Maxwell, who is widely regarded as one of the most knowledgeable and respected media figures in the game, did not back away from his thoughts when contacted and said: “You can say what you like about the decision, but don’t say ‘muppet’. That’s out of control.
“That’s where, unfortunately, I think he often sounds like a punter in a pub, not a commentator.
“That’s what he is supposed to be, a commentator, but I don’t think he has much direction and is allowed to do what he wants to do because he is Shane Warne.
“He doesn’t behave like that when he’s on Sky [TV in the UK] or when he was with Nine, as far as I can remember. He was a bit loose, put it that way.
“You have to have some respect. Show some respect for the officials.
“I just thought it was totally disrespectful. That’s Warnie. If you look at social media, a lot of people accept the fact that’s how he is and they live with it.
“Unfortunately, commentary has become a whole lot looser than it used to be. Maybe that’s the way people want it. I don’t know. I find it hard to swallow when a bloke with his reputation in the game makes personal attacks on officials. That’s pretty ordinary.”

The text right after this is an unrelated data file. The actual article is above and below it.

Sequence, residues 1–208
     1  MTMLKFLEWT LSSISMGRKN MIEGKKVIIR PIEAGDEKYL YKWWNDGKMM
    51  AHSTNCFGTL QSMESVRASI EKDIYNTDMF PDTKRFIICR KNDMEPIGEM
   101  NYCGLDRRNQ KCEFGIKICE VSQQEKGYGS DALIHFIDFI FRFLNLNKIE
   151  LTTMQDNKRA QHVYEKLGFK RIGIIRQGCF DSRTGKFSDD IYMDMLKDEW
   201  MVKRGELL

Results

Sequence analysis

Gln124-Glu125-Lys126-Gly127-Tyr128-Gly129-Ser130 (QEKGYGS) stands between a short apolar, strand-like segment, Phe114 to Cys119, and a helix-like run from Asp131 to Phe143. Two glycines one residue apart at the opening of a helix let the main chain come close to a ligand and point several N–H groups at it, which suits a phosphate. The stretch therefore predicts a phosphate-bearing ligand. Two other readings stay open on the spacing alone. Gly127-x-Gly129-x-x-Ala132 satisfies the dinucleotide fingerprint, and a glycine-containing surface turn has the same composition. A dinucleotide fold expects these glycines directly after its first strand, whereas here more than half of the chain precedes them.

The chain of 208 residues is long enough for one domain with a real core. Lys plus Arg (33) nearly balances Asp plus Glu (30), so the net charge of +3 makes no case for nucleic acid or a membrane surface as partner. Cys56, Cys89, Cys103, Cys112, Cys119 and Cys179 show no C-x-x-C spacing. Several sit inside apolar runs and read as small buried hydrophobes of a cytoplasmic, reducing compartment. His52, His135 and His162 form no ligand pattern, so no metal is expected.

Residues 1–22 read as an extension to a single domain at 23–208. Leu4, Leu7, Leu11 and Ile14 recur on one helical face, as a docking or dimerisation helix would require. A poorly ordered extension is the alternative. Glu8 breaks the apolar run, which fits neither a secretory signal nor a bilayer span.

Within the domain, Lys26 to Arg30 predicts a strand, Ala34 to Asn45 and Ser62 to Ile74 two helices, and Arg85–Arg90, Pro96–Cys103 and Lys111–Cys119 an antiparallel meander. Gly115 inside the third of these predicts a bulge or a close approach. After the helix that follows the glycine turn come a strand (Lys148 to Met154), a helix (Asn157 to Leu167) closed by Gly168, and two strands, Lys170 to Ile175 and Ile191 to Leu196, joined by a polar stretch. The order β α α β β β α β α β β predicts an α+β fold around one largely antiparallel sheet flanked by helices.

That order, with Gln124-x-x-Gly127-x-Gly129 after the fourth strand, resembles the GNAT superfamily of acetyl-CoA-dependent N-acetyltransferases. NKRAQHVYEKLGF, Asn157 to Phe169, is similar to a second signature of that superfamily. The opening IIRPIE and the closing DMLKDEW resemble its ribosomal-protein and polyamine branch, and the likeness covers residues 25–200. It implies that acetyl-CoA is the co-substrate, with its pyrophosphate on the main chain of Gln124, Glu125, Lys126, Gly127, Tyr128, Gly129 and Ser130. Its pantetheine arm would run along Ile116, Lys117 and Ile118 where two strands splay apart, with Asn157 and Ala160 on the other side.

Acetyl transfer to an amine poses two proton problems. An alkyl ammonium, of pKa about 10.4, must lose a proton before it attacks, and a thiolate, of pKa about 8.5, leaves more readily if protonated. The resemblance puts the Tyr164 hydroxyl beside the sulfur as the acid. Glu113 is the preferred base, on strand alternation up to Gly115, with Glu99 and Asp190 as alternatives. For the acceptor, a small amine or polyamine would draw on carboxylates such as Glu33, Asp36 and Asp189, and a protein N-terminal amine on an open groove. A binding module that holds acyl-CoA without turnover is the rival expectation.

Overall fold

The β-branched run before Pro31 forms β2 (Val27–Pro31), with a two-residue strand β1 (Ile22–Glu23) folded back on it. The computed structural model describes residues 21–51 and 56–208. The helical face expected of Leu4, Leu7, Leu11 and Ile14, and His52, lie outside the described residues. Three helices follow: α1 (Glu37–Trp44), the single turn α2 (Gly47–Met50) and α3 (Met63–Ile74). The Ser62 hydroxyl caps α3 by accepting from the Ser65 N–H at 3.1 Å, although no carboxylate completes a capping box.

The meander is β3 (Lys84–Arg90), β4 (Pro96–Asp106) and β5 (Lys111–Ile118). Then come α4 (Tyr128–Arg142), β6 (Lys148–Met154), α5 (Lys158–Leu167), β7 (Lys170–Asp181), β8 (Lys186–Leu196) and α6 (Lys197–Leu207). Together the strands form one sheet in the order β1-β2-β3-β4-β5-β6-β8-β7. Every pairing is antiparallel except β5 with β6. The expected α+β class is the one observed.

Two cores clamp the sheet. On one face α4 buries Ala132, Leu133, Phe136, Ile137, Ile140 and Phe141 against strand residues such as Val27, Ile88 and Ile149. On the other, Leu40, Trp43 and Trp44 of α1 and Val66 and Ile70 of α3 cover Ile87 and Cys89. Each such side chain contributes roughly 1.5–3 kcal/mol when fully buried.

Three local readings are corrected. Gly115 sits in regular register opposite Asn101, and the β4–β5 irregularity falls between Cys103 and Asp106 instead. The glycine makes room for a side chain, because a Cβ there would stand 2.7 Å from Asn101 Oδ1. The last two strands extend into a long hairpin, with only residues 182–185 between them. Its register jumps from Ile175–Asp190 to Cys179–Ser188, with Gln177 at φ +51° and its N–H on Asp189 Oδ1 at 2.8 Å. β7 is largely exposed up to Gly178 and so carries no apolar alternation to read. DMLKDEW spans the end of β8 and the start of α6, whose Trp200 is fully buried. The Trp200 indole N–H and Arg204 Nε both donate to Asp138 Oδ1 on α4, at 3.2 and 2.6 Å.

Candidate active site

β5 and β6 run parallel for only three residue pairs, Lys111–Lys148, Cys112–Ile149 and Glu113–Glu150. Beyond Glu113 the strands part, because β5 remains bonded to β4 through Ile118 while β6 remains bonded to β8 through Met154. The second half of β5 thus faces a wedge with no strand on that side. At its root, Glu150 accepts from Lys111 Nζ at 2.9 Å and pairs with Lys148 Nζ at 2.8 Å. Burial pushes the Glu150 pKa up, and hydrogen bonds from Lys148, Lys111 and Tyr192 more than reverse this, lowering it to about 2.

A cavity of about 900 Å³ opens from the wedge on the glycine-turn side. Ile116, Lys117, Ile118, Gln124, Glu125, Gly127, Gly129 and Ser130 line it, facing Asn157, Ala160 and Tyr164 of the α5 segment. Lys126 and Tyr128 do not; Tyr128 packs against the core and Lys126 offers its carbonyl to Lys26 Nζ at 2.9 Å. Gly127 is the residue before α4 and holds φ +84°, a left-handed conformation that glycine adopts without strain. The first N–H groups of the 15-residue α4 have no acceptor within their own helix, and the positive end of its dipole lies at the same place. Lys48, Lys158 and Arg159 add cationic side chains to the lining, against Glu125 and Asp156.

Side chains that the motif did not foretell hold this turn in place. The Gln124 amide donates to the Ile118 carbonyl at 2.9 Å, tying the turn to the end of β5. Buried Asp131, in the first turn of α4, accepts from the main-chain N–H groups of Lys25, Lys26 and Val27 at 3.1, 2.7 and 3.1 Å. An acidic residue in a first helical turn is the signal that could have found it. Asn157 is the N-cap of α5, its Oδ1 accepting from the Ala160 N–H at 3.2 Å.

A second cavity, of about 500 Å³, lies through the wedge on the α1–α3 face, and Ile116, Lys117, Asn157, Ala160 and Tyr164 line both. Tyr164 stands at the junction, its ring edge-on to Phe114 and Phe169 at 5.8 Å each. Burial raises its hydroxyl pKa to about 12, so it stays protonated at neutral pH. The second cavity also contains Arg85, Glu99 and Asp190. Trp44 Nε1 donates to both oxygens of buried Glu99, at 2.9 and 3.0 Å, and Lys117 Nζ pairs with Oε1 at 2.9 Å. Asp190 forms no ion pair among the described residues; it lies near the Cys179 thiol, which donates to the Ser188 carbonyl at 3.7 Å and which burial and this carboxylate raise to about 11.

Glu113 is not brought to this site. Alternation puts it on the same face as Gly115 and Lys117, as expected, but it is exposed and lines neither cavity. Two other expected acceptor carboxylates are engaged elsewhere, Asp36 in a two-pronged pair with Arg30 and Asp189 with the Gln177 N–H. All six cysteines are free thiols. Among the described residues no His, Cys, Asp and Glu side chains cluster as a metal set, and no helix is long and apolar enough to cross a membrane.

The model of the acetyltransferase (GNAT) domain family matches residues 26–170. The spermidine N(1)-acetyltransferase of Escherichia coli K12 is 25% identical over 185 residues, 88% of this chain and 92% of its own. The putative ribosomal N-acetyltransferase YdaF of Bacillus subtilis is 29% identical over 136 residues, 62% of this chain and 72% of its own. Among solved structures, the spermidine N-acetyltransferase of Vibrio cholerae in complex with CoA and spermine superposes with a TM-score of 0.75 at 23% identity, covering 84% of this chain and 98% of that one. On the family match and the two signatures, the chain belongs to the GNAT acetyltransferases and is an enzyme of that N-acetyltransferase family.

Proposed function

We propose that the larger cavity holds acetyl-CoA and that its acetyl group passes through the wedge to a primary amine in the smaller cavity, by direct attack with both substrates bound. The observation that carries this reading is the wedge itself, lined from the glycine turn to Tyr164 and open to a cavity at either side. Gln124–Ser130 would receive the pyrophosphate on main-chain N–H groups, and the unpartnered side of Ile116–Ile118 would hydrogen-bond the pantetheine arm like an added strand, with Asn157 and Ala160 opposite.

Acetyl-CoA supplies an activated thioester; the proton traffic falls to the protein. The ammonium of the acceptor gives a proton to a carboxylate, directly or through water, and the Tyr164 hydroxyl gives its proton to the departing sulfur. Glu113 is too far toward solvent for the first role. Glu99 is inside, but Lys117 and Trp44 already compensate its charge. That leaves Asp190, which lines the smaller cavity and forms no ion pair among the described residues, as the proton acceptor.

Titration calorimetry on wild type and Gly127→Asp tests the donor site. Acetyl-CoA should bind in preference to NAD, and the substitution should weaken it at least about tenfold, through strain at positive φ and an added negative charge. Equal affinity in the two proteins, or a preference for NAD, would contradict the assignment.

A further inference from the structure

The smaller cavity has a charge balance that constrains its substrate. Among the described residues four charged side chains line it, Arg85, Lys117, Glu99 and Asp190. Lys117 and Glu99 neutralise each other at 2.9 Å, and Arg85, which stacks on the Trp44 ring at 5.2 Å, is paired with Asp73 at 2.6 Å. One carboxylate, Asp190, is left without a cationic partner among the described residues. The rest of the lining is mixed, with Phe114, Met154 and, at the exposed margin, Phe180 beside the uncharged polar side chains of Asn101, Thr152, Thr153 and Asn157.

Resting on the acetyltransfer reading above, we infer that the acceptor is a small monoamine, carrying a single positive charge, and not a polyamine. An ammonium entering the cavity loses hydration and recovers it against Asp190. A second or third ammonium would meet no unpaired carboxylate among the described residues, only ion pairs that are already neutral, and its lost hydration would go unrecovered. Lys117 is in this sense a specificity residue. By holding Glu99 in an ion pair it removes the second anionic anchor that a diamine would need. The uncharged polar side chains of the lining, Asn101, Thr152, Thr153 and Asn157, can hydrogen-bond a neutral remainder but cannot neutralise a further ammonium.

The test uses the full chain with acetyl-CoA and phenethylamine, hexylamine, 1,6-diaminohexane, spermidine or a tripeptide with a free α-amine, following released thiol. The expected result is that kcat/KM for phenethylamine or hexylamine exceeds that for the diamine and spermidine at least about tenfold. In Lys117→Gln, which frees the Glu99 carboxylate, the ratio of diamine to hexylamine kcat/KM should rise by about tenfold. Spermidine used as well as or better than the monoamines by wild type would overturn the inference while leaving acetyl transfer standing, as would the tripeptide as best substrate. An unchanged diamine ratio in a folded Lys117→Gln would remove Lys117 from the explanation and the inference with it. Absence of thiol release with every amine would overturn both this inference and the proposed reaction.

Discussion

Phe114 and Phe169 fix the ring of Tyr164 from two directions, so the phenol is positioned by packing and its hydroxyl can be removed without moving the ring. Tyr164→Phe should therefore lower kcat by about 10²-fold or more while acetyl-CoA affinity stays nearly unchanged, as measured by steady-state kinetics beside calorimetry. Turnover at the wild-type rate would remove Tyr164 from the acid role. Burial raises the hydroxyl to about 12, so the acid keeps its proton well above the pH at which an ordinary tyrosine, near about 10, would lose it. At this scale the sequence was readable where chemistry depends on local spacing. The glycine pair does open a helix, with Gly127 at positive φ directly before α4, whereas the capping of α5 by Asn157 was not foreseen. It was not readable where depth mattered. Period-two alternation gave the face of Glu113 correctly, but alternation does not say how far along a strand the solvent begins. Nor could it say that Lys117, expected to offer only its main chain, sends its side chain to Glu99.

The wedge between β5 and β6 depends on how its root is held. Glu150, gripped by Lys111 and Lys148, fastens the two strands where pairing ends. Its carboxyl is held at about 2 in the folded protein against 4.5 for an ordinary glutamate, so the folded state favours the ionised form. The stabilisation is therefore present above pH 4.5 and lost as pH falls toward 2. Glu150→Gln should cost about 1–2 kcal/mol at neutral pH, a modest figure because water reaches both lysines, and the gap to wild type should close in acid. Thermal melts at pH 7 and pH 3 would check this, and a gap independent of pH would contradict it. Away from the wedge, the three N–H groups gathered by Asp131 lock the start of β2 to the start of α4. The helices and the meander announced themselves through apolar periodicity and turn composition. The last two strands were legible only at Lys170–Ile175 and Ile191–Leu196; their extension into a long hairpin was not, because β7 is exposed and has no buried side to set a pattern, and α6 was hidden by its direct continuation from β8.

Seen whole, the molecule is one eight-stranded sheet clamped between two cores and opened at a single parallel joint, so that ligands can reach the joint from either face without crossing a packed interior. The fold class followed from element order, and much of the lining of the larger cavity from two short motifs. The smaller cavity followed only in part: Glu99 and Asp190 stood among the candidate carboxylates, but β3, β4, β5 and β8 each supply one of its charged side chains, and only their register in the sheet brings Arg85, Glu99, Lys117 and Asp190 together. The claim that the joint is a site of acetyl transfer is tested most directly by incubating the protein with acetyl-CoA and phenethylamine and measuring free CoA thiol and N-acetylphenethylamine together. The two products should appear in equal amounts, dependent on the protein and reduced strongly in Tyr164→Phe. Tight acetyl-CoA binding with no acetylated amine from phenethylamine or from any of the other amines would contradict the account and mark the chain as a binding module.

Maxwell, who resides in Sydney, also could not understand Warne’s unofficial barracking for the home side.
“It got to the point where he was so keen it was outrageous,” Maxwell said. “Then all of a sudden he sensed perhaps they weren’t going to win, then he started talking about changing the rules for the finals. Then he was back on track again when Dan Christian had his cameo [to win the game].”
Fox Sports head of television Steve Crawley said: “Jim and Shane come from different times and different worlds.
“Warnie is unique. That’s good and bad. There is no way we’ll agree with everything he says, but we listen to everything he says.
“He makes us react to it, and that’s one of the things that makes him a world-class sports commentator.”
It is understood Warne and Abood, who was standing at square leg and controversially ruled a no-ball when Renegades keeper Sam Harper moved his gloves in front of the stumps, met after the match, and the official even requested the spin great sign his book for his son.
The Big Bash will be an all-Melbourne final between the Renegades and Stars after the Sixers failed to defend 180 runs.
A disappointing crowd of 15,342 attended Friday nights semi-final, which again raised questions about the Twenty20 tournament out-staying its summer welcome.
Crawley, however, defended the BBL running deep into February.
“There are a couple of hundred thousand people who watch every match we put to air, sometimes more, and for them it’s not too much,” Crawley said. “For the person down the street it’s too much, but that’s why people have subscription TV, to satisfy their taste. For me and those hundreds of thousands of people watching at home, there can’t be too much because we love our sport.”
Christian covers rugby league for The Sydney Morning Herald.